March 4th, 2018

Winner of ID Cartoon Caption Contest #3, and Here’s #4 Just in Time for CROI

One of the challenging aspects of writing this blog is that there is so much interesting material in the ID/HIV world that sometimes I forget to cover critical items.

Example: the winner of the most recent ID Cartoon Caption Contest, which I’m embarrassed to admit, has been awaiting its announcement since late 2016.

The winner:

“He was ready to go 6 days ago but I can’t find ‘discharge’ on the menu.”

It’s a great caption, trouncing the very strong competition of 3 other finalists by garnering 62% of the vote.

But I confess we here at NEJM Journal Watch were torn between this one and “Have you tried switching him off and back on again?,” which we thought would finish stronger than its 13% of the total vote.

Concerned, we asked our crack team of cybersecurity experts to investigate further, and we’re proud to announce there was no Russian meddling in the voting process. Hence, the winner is clear.

So congratulations to Steve V., who submitted the top caption! As I’m sure he’s aware, he’s the winner of a lifetime free subscription to this blog, good in all 50 states and US Territories. If Steve V. is from another country, he can continue to access the blog provided he has a valid yellow fever vaccination certificate.

Now, onto the next contest. Some of us in the ID/HIV world will be coming to Boston for CROI this week, but fortunately my skilled collaborator Anne Sax not only isn’t attending CROI, she also has no idea what “CROI” even is.

Working together (my idea, 100% her drawing), we’ve come up with the doctor-patient encounter displayed below, perhaps inspired by last week’s Nor’easter.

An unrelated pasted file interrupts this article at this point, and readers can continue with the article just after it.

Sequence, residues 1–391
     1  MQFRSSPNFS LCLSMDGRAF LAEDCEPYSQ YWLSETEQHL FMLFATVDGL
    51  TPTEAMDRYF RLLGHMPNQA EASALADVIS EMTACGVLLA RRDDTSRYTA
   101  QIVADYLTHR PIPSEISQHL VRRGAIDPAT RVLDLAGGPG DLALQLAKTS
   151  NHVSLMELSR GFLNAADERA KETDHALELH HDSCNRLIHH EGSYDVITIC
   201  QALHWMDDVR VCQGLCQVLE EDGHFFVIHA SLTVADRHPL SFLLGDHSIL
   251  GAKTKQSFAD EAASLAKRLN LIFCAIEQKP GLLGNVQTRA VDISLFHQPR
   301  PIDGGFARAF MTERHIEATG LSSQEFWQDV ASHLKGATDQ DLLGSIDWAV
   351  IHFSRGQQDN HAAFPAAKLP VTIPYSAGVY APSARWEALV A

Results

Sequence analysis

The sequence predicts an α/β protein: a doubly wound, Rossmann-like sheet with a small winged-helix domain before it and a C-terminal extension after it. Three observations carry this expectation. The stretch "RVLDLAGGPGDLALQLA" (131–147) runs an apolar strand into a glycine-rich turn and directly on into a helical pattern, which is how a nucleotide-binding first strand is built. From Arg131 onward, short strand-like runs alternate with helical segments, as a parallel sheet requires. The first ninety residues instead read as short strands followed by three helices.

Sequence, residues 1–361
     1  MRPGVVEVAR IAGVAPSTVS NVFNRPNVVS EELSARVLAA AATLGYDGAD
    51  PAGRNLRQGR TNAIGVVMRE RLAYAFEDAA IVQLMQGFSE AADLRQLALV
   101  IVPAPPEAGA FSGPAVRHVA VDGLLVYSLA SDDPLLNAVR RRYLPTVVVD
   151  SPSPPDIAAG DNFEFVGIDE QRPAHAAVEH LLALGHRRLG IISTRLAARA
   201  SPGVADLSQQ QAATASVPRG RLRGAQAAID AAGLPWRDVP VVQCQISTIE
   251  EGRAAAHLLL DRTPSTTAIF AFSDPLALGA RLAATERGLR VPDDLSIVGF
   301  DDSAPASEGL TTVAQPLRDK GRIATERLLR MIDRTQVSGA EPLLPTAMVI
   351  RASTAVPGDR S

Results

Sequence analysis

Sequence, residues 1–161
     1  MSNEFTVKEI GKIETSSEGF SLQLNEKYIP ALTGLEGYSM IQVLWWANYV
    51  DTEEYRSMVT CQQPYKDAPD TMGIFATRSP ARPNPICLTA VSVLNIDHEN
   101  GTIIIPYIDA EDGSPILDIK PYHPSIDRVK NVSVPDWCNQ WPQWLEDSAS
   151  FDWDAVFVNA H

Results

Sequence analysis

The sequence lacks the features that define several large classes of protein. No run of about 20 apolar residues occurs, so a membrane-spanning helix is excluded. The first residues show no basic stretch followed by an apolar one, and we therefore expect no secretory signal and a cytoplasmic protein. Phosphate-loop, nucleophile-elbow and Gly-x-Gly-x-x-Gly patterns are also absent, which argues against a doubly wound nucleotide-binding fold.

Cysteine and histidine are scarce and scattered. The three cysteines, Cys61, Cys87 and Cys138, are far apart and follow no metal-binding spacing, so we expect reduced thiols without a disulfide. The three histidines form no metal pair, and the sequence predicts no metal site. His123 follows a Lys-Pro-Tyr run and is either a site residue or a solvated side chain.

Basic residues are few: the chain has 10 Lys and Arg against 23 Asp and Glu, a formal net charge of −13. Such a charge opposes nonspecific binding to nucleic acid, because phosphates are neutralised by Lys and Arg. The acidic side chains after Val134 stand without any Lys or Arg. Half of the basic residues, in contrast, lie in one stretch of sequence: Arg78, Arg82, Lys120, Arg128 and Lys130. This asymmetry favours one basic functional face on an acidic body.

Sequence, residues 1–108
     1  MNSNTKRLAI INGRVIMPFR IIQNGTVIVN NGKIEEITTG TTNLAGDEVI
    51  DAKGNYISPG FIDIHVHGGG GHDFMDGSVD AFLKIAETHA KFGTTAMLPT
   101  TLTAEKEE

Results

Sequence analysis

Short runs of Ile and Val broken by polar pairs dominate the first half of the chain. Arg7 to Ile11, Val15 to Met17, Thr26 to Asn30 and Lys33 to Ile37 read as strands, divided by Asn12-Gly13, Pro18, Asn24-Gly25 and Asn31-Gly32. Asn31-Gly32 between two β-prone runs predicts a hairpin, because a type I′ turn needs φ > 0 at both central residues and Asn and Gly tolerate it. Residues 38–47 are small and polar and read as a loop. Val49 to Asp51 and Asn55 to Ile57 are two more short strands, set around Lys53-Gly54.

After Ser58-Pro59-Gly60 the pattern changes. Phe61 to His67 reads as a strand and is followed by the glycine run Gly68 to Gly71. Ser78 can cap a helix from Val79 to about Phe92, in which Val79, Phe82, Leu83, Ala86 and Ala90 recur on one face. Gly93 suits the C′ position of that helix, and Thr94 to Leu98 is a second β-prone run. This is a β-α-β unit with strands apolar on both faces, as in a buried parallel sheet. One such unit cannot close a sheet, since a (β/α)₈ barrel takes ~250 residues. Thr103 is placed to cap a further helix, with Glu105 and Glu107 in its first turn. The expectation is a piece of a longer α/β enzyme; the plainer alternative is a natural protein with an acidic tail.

As before, write your proposed caption in the comments section, or pop it on my Twitter feed — or, if you’re feeling shy, email it to me at id.caption@yahoo.com.

Good luck!

 

64 Responses to “Winner of ID Cartoon Caption Contest #3, and Here’s #4 Just in Time for CROI”

  1. No, DON’T save your meds for a rainy day! Just take ‘em as I prescribed.

  2. Robert Cannon says:

    The biopsy results indicate a mutation of the Male Moose Antler gene – probably acquired while you were trekking in Alaska. This is best managed by the ID service as they deal with tick-borne diseases – both real and unreal.

  3. Jeff L says:

    The neurosurgeon says she may have accidentally left something in during the operation

  4. David says:

    “The comforting news is that I can treat you for this. The uncomfortable news is that I’ll have to ask you turn on your left side so I can reach in and press the button that closes it for you.”

  5. Sir, do you ever feel like you’re a drawing in an infectious disease blog, and someone is writing a caption this very moment that says “Sir, do you ever feel like you’re a drawing in an infectious disease blog, and someone is writing a caption this very moment that says ‘Sir, do you ever feel like you’re a drawing in an infectious disease blog, and someone is writing a caption this very moment that says’ Sir…

  6. Karla Romero says:

    “Uhh…I can see that the “brainstorm” might have gotten a little out of control -Sir”

  7. greg doney says:

    its a rare benign tumour called umbrellica forhedica

  8. Michael D. says:

    Well, if your health insurance doesn’t cover it, maybe your umbrella policy will.

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HIV Information: Author Paul Sax, M.D.

Paul E. Sax, MD

Contributing Editor

NEJM Journal Watch
Infectious Diseases

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